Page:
The U.S. Navy’s newest surface combatant has Italian heritage, the Navy announced Thursday.
In a major win for Wisconsin’s Marinette Marine shipyard, the Navy selected Fincantieri’s so-called FREMM design, an acronym that stands for “European multi-purpose frigate,” in its original Italian. The shipyard, which is also on the hook for building the remaining mono-hull littoral combat ships and a frigate version of it for Saudi Arabia, is now a major player in U.S. Navy shipbuilding.
The detailed design and construction contract, worth $795.1 million, covers the design work and the first ship, as well as options for up to nine others. The total value of the contract if all options are exercised will be $5.58 billion. The contract is expected to be rebid after the first 10 ships.
The Navy is providing a significant portion of government furnished equipment, including a variant of the AN/SPY-6 radar destined for the Flight III Arleigh Burke-class destroyers under construction, and those costs are not included in the $5.58 billion.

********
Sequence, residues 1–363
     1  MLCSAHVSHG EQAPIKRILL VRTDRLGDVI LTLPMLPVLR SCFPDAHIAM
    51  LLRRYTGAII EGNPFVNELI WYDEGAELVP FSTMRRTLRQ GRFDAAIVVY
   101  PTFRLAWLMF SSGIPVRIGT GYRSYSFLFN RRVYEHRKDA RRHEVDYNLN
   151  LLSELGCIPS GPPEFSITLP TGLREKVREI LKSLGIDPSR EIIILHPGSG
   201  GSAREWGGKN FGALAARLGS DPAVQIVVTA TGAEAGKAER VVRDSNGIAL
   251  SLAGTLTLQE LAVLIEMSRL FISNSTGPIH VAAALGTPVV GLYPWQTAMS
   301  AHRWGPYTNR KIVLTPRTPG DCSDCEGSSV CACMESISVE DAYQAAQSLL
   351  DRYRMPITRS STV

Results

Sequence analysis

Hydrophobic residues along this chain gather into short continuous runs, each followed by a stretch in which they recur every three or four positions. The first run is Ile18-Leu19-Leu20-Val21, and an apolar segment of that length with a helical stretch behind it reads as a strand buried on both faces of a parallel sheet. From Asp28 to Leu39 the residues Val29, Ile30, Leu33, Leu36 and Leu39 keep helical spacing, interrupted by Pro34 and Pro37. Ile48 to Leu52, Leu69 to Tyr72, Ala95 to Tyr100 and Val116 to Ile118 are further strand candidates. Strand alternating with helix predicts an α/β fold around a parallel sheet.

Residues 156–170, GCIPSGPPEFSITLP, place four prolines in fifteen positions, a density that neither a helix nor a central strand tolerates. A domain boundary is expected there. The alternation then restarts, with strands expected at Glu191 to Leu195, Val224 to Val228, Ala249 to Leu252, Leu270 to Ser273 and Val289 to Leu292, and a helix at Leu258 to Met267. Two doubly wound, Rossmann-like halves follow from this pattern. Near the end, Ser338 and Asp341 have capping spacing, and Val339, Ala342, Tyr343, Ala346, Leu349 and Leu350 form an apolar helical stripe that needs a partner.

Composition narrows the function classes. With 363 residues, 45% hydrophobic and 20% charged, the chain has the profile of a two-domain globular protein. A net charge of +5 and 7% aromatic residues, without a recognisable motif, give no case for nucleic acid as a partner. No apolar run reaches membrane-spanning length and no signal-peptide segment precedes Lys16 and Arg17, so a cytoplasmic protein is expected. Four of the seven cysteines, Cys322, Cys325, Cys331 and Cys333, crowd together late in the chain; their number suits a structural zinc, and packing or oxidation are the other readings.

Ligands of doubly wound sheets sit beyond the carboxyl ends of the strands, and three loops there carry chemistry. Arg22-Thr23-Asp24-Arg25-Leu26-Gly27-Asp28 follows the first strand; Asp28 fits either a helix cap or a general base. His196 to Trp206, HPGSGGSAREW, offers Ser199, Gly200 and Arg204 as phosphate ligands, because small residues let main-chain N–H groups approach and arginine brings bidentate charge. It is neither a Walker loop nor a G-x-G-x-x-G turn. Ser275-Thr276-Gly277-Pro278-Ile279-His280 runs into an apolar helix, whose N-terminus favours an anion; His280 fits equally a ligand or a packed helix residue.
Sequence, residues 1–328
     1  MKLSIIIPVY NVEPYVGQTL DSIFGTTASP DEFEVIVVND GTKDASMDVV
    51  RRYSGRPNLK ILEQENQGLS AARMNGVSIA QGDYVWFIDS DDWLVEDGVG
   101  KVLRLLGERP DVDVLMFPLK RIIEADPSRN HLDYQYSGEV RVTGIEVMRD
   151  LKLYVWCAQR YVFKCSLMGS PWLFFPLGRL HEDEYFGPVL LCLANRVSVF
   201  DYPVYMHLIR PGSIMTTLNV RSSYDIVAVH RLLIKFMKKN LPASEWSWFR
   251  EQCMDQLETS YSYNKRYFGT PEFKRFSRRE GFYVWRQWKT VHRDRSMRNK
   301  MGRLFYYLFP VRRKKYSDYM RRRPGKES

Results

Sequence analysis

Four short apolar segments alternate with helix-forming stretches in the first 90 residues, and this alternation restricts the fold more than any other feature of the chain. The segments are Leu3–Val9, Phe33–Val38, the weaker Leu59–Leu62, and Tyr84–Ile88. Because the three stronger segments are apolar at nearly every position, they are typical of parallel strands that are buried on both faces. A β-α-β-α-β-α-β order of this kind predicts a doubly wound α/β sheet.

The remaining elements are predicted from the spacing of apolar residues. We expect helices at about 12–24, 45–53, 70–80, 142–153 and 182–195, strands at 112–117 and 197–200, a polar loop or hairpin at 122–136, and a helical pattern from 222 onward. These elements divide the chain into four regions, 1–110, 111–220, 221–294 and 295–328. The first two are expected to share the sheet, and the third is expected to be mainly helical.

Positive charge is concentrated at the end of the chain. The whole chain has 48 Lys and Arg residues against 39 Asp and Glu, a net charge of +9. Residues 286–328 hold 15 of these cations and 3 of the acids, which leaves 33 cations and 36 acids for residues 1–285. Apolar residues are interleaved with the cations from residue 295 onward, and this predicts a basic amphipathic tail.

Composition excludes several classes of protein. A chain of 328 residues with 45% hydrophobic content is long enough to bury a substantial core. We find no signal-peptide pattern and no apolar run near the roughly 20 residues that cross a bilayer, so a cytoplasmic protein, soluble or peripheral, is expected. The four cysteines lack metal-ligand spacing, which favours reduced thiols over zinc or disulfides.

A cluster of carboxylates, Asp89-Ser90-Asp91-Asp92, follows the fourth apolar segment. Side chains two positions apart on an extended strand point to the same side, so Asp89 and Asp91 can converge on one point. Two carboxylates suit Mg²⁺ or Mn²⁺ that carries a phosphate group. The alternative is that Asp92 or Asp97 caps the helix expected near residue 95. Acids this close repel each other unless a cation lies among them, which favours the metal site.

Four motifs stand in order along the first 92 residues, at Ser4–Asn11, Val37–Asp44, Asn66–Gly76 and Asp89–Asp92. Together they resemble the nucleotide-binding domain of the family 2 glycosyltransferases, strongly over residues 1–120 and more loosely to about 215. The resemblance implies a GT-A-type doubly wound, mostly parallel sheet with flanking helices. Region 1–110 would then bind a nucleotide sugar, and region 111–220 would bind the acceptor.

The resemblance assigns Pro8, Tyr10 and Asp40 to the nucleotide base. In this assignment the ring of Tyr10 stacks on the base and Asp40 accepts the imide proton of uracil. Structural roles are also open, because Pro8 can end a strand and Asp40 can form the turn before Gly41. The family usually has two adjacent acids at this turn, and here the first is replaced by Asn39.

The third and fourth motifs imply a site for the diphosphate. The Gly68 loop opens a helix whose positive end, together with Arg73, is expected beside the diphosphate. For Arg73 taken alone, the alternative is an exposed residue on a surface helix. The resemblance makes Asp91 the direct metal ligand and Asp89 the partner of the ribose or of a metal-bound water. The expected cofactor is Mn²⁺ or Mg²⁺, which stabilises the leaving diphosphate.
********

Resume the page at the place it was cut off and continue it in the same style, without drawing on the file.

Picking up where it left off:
Fincantieri campaigned hard to win the contract, bringing the FREMM to the United States to show it off and work with U.S. ships off the coast. The victory beats out challenges from Huntington Ingalls Industries, General Dynamics Bath Iron Works with Navantia’s F100 design, and Austal USA with an up-gunned version of its trimaran littoral combat ship.
According to the the Navy 2021 budget documents, the service is planing for it to take six years to complete design and construction of the ship, which should be finished in 2026.
The second frigate is expected to be ordered in April 2021, and from there it should be delivered about five and a half years after the award date.
Read more: Defense News